Providing an environment where young people have the power to decide if, when, and under what circumstances to get pregnant and have a child not only benefits the young people themselves, but also leads to significant savings in publicly funded programs. Thanks to young people, the United States has made historic progress in helping match young people’s intentions and actions regarding pregnancy—the teen birth rate plummeted by 64% between 1991 and 2015. This progress thus far creates $4.4 billion in public savings each year, according to new analyses by Power to Decide. If all teens were able to avoid unplanned pregnancy and childbearing, we estimate that the US could save an additional $1.9 billion each year.1
Potential Savings Associated with Avoidance of Unplanned Pregnancy Among Teens for a County or Other Location
In addition to downloading fact sheets describing the national and state-level estimates of public savings associated with the prevention of unplanned pregnancy among teens, you can also use the calculator below to estimate potential savings at the local level. These results will reflect the additional savings that could be realized in a county or locality if all teens there were able to avoid unplanned pregnancy. After selecting a state below, you can either select a county within that state, or simply enter the number of teen births occurring in some other location of interest.2 The calculator will then estimate the amount of public savings associated with that county or number of teen births.3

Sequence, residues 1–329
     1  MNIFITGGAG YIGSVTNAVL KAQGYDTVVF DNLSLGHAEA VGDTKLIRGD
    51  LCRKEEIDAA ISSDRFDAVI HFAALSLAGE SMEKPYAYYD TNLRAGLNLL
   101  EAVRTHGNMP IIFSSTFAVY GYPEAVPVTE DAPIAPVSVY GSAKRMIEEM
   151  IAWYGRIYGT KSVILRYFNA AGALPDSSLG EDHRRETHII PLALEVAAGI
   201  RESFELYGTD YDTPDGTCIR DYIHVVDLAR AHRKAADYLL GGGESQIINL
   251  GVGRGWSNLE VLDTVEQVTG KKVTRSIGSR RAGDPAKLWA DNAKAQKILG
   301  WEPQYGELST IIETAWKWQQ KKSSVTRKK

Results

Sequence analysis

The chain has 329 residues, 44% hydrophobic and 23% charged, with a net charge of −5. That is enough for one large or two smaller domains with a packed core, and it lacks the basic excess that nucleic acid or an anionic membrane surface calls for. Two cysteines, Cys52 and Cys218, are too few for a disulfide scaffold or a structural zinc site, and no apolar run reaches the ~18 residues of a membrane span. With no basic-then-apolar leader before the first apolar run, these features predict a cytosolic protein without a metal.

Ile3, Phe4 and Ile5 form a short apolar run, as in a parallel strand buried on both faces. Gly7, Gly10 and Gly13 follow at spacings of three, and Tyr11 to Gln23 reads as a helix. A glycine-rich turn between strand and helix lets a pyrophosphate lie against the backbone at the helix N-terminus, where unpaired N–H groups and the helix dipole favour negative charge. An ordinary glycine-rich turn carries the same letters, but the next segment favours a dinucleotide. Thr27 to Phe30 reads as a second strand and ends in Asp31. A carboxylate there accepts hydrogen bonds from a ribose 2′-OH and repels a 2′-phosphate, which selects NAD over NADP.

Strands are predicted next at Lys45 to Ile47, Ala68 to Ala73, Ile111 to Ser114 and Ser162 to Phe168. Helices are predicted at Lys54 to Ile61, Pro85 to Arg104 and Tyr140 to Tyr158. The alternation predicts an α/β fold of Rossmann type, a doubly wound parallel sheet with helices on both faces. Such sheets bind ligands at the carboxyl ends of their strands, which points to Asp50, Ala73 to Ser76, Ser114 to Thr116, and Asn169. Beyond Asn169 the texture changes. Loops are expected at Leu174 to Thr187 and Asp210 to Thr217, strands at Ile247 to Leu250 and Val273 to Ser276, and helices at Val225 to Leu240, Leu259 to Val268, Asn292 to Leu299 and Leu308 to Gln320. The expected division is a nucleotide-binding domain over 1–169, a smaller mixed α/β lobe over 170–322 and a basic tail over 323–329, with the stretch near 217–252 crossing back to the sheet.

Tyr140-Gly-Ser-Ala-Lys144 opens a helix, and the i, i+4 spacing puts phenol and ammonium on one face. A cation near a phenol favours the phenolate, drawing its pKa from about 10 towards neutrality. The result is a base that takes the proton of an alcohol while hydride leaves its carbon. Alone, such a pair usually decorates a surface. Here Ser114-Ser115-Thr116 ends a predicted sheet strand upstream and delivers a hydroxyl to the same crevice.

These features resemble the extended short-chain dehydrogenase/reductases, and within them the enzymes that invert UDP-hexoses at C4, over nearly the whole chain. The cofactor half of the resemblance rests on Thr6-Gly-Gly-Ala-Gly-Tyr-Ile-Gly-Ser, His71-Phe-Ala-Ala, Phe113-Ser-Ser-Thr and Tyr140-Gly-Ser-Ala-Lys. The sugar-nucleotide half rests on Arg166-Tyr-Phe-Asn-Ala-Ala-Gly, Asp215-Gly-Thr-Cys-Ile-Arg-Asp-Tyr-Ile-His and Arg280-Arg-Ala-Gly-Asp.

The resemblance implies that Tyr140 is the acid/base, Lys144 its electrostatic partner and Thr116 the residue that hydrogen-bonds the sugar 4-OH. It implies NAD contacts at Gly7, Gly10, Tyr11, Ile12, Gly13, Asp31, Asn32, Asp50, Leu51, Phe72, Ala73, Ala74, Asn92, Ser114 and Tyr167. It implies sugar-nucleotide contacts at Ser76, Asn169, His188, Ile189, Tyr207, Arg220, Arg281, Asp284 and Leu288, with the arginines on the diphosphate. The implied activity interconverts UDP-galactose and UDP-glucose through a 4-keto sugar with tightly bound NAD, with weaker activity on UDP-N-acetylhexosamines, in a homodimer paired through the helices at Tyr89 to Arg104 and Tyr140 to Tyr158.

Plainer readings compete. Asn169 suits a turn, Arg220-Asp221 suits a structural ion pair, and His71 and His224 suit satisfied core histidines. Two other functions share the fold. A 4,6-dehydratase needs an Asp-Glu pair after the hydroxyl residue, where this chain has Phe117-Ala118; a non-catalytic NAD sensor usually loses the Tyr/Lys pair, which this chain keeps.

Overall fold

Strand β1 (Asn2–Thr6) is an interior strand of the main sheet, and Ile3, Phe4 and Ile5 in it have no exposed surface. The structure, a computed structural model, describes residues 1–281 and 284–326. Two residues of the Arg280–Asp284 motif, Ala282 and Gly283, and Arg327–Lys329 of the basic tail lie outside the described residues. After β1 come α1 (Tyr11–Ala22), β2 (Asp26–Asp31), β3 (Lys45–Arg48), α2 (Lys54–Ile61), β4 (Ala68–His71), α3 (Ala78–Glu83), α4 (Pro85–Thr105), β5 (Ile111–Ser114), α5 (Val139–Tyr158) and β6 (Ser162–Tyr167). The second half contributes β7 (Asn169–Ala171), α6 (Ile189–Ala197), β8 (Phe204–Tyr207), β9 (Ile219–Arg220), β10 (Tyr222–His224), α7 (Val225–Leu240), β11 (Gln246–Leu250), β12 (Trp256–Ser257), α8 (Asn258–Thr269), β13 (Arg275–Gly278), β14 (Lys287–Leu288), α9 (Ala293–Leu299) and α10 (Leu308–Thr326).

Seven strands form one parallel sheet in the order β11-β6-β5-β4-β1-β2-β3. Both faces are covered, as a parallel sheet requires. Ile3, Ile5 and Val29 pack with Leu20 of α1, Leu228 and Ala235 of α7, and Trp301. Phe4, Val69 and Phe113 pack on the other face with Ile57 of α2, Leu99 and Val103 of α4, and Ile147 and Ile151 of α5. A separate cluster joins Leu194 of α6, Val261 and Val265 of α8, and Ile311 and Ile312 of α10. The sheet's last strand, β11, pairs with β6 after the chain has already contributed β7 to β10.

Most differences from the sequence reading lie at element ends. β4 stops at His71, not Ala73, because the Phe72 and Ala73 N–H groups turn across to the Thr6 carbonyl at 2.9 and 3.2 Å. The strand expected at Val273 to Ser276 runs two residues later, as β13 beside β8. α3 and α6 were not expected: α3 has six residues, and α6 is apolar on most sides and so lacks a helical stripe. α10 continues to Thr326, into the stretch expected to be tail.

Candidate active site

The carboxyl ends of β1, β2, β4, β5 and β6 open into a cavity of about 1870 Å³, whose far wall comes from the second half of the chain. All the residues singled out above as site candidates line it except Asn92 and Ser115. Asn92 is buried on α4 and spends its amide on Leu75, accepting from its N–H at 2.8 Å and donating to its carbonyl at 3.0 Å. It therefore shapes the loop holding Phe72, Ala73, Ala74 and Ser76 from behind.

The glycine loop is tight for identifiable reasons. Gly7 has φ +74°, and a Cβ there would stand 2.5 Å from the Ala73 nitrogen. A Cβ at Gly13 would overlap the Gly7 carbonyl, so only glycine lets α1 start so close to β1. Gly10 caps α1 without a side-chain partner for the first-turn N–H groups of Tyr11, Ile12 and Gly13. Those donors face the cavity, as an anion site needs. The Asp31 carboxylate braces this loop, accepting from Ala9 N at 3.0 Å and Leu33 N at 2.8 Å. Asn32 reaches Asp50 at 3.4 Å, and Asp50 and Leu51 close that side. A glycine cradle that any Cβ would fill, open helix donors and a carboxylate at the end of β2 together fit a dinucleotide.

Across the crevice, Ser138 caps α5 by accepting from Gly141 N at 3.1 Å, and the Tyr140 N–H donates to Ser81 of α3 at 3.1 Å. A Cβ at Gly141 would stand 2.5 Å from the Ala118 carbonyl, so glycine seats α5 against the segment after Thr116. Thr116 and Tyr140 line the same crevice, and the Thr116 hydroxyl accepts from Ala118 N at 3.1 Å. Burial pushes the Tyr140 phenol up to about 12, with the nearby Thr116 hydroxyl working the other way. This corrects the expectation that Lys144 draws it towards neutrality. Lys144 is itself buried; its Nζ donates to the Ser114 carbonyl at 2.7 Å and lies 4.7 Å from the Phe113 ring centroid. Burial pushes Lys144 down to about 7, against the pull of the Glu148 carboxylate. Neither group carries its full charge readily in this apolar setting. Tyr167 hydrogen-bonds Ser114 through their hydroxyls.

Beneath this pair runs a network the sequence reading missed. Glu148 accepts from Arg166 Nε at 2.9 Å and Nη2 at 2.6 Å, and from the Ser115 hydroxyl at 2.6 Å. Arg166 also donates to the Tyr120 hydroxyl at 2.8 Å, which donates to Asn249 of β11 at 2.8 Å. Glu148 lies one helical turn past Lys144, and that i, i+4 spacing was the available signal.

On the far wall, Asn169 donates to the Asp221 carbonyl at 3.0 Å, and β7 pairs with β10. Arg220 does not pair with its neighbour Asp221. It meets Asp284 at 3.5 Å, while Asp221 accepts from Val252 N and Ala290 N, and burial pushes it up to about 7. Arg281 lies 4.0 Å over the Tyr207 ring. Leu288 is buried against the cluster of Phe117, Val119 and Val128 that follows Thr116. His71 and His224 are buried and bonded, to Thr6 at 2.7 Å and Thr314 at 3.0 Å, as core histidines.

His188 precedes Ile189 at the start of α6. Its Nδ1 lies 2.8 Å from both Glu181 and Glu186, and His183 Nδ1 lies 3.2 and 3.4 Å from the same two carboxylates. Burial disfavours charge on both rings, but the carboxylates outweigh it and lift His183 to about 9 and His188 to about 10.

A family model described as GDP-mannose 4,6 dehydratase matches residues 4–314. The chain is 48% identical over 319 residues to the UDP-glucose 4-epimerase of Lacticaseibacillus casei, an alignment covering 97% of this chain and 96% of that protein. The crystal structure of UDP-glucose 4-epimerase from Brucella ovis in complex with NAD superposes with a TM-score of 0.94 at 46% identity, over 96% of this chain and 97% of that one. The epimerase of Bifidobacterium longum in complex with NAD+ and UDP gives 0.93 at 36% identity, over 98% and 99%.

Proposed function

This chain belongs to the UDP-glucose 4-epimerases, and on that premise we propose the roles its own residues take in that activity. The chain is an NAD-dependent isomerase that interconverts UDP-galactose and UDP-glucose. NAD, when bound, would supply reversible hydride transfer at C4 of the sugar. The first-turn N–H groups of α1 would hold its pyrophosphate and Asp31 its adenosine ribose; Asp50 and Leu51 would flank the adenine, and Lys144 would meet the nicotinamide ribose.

TEEN PREGNANCY PREVENTION POTENTIAL SAVINGS CALCULATOR
1 This estimate of public savings factors in Medicaid spending associated with prenatal care, labor, delivery, postpartum care, and a year of infant care, in addition to spending associated with public assistance during pregnancy and/or the year following a birth for those who received benefits. For additional detail on these estimates, including our sources and methodology, please see our FAQs.
2 This calculator can provide a result with respect to counties for which data on the number of teen births are publicly available. If you select a county for which these data are not available, you will be prompted to instead enter an estimate of the number of teen births in that county.
3 This result is estimated using the number of teen births in the county of interest, or the number entered by the user. This number is multiplied by the estimated average savings per teen birth in the state of interest, and additional assumptions regarding pregnancy intentions and timing of future childbearing are applied. As such it should be considered an estimate and not an exact tally of savings that would be realized in the locality of interest.